Citation

Would you lie for me? Alibi Corroboration Between Strangers and Non-Strangers

Abstract | Word Stems | Keywords | Association | Citation | Similar Titles



Abstract:

To test the assumption that individuals who share a personal relationship are more likely to corroborate one another’s false alibi than are strangers, participants were provided the opportunity to corroborate or refute a confederate’s alibi for a suspected theft. In a ‘friendship’ condition, feelings of affiliation between participants and a confederate were experimentally induced by increasing the perceived similarity between the pairs and by having them complete a collaborative task. During the experimental session the confederate became a suspect for a mock crime and provided an alibi known to be false by the participant. It was hypothesized that participants in the friendship condition would be more likely to corroborate the confederate’s alibi.
Convention
Convention is an application service for managing large or small academic conferences, annual meetings, and other types of events!
Submission - Custom fields, multiple submission types, tracks, audio visual, multiple upload formats, automatic conversion to pdf.Review - Peer Review, Bulk reviewer assignment, bulk emails, ranking, z-score statistics, and multiple worksheets!
Reports - Many standard and custom reports generated while you wait. Print programs with participant indexes, event grids, and more!Scheduling - Flexible and convenient grid scheduling within rooms and buildings. Conflict checking and advanced filtering.
Communication - Bulk email tools to help your administrators send reminders and responses. Use form letters, a message center, and much more!Management - Search tools, duplicate people management, editing tools, submission transfers, many tools to manage a variety of conference management headaches!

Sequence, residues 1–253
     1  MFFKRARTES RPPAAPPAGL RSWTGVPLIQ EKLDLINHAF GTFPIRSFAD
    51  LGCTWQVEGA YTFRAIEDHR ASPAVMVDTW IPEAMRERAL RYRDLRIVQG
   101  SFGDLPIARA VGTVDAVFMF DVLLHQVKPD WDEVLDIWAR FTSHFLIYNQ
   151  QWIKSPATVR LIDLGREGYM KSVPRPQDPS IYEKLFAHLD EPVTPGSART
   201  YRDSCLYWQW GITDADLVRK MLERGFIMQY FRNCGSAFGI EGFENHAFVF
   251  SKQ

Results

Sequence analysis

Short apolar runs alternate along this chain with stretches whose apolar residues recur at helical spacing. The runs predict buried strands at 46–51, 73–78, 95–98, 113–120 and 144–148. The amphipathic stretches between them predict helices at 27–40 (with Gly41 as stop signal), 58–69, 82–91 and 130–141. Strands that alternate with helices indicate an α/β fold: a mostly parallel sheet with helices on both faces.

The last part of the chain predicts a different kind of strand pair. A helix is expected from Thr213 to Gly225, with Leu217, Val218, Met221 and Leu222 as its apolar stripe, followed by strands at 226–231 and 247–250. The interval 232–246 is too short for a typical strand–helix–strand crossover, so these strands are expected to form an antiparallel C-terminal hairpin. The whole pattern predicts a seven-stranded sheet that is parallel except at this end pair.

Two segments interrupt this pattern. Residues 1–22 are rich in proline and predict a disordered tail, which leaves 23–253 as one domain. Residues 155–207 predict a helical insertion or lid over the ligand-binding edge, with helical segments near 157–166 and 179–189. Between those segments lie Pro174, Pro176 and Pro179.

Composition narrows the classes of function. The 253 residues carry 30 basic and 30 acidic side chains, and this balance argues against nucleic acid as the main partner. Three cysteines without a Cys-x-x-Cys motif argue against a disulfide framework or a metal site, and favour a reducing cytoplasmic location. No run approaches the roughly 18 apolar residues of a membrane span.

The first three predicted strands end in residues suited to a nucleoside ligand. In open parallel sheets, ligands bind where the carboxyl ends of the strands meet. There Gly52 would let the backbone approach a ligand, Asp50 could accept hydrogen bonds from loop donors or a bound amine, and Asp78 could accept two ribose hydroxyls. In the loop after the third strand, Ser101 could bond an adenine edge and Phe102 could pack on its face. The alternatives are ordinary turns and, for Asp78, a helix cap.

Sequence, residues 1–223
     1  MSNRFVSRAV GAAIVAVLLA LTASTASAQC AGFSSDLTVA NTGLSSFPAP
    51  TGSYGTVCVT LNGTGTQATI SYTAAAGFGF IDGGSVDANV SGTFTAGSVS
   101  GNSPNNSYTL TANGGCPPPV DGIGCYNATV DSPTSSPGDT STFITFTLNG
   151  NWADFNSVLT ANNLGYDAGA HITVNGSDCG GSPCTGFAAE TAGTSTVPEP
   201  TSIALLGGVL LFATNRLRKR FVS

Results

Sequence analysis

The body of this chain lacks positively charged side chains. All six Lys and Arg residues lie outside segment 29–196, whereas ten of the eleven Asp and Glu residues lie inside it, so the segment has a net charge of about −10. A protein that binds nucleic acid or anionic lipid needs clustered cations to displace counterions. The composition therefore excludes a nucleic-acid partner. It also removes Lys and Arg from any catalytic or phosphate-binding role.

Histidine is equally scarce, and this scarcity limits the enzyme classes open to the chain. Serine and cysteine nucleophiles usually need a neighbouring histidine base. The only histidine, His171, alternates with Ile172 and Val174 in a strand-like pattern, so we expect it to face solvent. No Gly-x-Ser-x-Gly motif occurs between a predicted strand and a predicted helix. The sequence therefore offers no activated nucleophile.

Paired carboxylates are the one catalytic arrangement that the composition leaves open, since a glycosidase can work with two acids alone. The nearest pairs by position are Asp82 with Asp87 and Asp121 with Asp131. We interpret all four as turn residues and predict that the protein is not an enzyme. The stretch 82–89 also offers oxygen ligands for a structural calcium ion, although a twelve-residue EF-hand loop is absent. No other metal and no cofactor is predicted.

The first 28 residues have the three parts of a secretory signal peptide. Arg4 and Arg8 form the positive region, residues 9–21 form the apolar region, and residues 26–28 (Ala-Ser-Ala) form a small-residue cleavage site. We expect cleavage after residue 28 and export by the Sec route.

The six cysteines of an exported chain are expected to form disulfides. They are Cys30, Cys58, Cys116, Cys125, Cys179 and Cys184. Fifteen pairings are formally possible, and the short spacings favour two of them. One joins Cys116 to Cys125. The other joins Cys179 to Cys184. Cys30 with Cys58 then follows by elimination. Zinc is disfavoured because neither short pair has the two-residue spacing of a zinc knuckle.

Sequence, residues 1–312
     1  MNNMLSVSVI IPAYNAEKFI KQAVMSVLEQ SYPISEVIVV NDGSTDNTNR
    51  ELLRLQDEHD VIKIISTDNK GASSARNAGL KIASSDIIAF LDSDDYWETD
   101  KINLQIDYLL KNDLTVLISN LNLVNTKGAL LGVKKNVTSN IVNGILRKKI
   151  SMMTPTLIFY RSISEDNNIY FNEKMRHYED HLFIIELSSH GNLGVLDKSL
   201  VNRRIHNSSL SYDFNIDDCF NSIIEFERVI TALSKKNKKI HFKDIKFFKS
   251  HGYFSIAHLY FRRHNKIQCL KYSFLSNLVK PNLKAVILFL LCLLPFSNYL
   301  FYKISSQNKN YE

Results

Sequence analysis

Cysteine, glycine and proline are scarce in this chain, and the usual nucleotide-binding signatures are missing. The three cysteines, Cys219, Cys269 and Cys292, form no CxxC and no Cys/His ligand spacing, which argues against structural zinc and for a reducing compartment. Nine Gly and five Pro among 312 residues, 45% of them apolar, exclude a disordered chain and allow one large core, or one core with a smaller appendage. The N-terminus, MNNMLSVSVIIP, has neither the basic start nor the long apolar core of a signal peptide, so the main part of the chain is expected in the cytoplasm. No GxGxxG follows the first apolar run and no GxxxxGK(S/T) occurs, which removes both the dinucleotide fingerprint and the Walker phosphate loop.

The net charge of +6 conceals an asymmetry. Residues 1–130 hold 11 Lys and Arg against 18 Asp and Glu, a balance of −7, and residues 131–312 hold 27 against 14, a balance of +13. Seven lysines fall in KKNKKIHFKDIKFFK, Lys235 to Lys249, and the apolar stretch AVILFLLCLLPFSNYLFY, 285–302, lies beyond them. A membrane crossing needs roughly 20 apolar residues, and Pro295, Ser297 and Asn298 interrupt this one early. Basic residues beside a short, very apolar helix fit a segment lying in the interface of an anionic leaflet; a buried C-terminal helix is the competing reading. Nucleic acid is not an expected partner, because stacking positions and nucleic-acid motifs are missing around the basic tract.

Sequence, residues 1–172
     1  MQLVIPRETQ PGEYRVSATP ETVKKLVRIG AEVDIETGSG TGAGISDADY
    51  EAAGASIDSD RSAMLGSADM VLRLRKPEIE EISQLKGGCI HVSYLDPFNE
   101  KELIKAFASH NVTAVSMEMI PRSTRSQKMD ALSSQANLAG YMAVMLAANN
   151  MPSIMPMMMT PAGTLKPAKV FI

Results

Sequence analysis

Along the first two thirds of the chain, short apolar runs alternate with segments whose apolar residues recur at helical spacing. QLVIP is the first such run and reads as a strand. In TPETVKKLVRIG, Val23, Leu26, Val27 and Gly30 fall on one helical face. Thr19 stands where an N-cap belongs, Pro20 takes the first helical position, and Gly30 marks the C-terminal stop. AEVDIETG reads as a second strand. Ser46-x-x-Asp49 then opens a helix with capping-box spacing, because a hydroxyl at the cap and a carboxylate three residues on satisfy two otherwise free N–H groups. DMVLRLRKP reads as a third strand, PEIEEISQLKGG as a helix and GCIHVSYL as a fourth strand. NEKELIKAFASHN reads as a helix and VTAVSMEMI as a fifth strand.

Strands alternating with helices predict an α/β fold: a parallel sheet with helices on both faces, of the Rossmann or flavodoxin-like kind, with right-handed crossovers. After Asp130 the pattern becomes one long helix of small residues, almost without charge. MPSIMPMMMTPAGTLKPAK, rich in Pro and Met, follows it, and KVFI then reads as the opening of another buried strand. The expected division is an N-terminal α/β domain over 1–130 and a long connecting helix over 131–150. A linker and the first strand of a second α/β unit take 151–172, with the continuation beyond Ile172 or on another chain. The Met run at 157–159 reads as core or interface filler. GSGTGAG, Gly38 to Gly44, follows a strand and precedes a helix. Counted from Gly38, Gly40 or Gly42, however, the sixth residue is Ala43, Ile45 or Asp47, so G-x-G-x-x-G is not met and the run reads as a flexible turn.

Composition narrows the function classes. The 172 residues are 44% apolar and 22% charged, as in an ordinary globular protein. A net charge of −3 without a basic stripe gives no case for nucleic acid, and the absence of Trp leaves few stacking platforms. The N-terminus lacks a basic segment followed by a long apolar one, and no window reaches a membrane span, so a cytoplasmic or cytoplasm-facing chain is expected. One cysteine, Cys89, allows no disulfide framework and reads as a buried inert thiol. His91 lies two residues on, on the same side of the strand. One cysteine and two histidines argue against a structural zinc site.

Click here for more information.

Association:
Name: American Psychology - Law Society
URL:
http://www.ap-ls.org/


Citation:
URL: http://citation.allacademic.com/meta/p399249_index.html
Direct Link:
HTML Code:

MLA Citation:

Marion, Stéphanie. and Burke, Tara. "Would you lie for me? Alibi Corroboration Between Strangers and Non-Strangers" Paper presented at the annual meeting of the American Psychology - Law Society, Westin Bayshore Hotel, Vancouver, BC, Canada, <Not Available>. 2014-11-28 <http://citation.allacademic.com/meta/p399249_index.html>

APA Citation:

Marion, S. B. and Burke, T. M. "Would you lie for me? Alibi Corroboration Between Strangers and Non-Strangers" Paper presented at the annual meeting of the American Psychology - Law Society, Westin Bayshore Hotel, Vancouver, BC, Canada <Not Available>. 2014-11-28 from http://citation.allacademic.com/meta/p399249_index.html

Publication Type: Symposium Paper
Abstract: To test the assumption that individuals who share a personal relationship are more likely to corroborate one another’s false alibi than are strangers, participants were provided the opportunity to corroborate or refute a confederate’s alibi for a suspected theft. In a ‘friendship’ condition, feelings of affiliation between participants and a confederate were experimentally induced by increasing the perceived similarity between the pairs and by having them complete a collaborative task. During the experimental session the confederate became a suspect for a mock crime and provided an alibi known to be false by the participant. It was hypothesized that participants in the friendship condition would be more likely to corroborate the confederate’s alibi.


Similar Titles:
Friend versus Stranger Alibi Corroboration: Does a Confession Change Your Alibi?

Strangers and Non-Strangers in the Midst: A Multilevel Analysis of Violence between Family, Friends, and Strangers

The Strange Filiations of the Stranger Count: Korzybski and Cyberculture


 
All Academic, Inc. is your premier source for research and conference management. Visit our website, www.allacademic.com, to see how we can help you today.